Taking a chance on that three-day-old potato salad might seem like a safe bet until you find yourself spending the night chained to the toilet with a bout of food poisoning. Food poisoning, or a foodborne illness can occur when you eat food that is contaminated with bacteria, viruses or parasites. There are between 11 and 13 million cases of foodborne illness in Canada each year. For certain people, including pregnant women and people with weakened immune systems, food poisoning can be very dangerous.
Food poisoning causes There are many common causes of foodborne illness, including the bacteria E. coli and Salmonella found in contaminated food, such as meat, poultry and fresh produce. When food is not handled with care or cooked properly, it is possible to ingest bacteria or become infected from contact with someone who is already infected.
Food poisoning symptoms Food poisoning may feel like the flu, with symptoms including nausea, vomiting, stomach cramps, diarrhea and fever. Symptoms may appear shortly after eating contaminated food or up to a month or more later.
Food poisoning diagnosis/tests If your symptoms are severe, won’t go away or you feel dehydrated, talk to your doctor, who will ask you questions to determine the contaminated food you came in contact with. She may also recommend blood tests to see if you have an infection or ask for a stool sample to test for bacteria. If it looks like you have an infection and it appears to have spread to other parts of your body, you may need a computerized tomorgraphy CT scan, MRI or other tests.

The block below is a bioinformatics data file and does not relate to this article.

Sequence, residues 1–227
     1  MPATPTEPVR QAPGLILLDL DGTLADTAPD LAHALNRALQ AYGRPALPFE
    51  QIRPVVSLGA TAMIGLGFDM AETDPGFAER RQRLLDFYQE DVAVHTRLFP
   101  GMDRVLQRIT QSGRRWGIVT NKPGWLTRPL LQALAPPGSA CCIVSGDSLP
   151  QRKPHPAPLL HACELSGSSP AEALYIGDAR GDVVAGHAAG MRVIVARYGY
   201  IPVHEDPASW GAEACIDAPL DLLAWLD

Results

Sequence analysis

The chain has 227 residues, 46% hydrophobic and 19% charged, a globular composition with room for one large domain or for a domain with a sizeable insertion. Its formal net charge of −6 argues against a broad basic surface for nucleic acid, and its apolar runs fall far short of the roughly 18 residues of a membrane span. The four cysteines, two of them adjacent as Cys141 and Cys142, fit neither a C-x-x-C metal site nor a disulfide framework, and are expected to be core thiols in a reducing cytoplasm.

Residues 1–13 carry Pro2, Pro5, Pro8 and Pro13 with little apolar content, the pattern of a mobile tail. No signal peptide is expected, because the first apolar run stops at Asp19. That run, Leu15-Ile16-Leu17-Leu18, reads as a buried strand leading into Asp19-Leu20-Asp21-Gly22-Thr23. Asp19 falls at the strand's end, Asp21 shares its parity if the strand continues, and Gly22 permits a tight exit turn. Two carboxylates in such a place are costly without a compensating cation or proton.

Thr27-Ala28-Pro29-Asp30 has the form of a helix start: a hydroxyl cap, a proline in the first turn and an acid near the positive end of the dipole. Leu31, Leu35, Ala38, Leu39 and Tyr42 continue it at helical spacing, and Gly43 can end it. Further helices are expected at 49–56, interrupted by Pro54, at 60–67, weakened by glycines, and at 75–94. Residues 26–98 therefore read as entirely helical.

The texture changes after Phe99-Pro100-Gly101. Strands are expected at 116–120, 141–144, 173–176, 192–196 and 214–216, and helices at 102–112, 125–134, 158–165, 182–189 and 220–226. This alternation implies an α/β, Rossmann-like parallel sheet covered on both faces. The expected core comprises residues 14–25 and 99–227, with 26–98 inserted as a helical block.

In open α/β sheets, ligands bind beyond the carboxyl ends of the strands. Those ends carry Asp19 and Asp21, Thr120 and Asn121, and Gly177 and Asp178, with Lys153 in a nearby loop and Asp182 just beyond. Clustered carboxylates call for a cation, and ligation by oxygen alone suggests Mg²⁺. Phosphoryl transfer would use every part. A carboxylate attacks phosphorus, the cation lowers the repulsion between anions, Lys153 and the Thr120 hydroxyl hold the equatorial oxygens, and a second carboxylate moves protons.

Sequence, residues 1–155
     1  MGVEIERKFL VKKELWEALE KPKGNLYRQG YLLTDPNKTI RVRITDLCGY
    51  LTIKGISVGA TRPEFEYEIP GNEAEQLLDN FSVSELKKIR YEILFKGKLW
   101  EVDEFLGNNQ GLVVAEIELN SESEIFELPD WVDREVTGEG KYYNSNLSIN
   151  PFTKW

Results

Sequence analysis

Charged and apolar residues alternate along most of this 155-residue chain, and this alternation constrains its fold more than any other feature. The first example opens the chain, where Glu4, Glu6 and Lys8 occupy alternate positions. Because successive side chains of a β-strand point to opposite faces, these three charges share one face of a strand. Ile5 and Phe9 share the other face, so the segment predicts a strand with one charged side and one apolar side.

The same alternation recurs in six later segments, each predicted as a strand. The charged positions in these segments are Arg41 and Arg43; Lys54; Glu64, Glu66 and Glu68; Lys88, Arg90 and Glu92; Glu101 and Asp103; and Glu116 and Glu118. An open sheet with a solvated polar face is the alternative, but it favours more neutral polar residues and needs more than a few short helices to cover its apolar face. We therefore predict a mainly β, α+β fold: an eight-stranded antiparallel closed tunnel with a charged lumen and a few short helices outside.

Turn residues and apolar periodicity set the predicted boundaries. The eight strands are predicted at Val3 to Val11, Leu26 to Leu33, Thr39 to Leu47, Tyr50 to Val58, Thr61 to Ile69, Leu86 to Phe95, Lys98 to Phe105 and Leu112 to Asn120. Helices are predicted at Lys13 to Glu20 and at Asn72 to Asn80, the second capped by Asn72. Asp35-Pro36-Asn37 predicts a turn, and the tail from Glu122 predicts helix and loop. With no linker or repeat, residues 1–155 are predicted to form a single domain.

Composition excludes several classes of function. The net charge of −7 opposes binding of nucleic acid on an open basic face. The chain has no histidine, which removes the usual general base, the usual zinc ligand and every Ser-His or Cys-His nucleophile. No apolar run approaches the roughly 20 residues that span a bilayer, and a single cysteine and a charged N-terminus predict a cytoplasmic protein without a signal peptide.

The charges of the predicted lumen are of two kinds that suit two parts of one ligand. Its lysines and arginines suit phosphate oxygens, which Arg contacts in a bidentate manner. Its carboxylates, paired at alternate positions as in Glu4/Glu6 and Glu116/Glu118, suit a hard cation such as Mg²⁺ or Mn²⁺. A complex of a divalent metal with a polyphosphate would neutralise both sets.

Food poisoning treatment Often, food poisoning will resolve without medical treatment. Drinking fluids will help prevent dehydration; if you can’t drink, you may need to receive fluids intravenously in the hospital. Food poisoning caused by toxins, such as shellfish, mushrooms and botulism, requires emergency medical treatment.
Food poisoning prevention Prevent food poisoning by practicing safe food-handling habits:
• Wash your hands well before preparing and serving food.
• Use a food thermometer to ensure food is cooked to a safe temperature.
• When you’ve cooked meat, poultry or fish, do not place it on the same plate that held the raw met unless it’s been washed thoroughly.
• Don’t eat foods that smell foul or have a strange taste or are outdated. Avoid eating foods from cans that are dented or bulging.
• Refrigerate food promptly.
• Avoid unpasteurized foods, such as unpasteurized dairy products and raw cookie dough.
• Wash fruit, vegetables and herbs well before eating.
• At salad bars and buffets, be careful about what you eat. Choose salad dressing in single-serve packages.
• When traveling to countries where food contamination is common avoid raw fruits and vegetables and opt for well-cooked foods.
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Canadian Food Inspection Agency